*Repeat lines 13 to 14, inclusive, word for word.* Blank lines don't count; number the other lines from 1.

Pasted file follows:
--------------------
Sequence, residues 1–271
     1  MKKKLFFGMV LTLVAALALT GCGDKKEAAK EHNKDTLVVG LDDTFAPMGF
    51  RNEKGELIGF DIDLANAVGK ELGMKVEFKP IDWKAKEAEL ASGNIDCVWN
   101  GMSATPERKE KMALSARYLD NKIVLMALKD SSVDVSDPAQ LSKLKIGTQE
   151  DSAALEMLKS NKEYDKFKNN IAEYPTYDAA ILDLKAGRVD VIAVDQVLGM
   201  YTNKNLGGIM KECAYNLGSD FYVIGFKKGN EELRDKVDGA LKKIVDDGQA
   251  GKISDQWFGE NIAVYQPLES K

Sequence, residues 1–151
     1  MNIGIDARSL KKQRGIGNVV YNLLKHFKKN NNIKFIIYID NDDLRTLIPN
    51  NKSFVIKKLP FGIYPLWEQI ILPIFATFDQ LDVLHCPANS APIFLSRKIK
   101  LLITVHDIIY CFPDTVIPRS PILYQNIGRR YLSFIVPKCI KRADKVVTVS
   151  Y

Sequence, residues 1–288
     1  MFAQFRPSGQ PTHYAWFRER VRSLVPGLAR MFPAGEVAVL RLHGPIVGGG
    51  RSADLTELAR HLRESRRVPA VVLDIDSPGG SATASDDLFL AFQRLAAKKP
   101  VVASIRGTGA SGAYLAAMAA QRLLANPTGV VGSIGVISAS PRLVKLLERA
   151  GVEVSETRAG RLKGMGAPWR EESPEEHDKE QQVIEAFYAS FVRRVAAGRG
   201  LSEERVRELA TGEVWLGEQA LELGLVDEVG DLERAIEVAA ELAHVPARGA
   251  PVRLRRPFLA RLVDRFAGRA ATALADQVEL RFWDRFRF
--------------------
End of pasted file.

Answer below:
Sequence, residues 1–288
     1  MFAQFRPSGQ PTHYAWFRER VRSLVPGLAR MFPAGEVAVL RLHGPIVGGG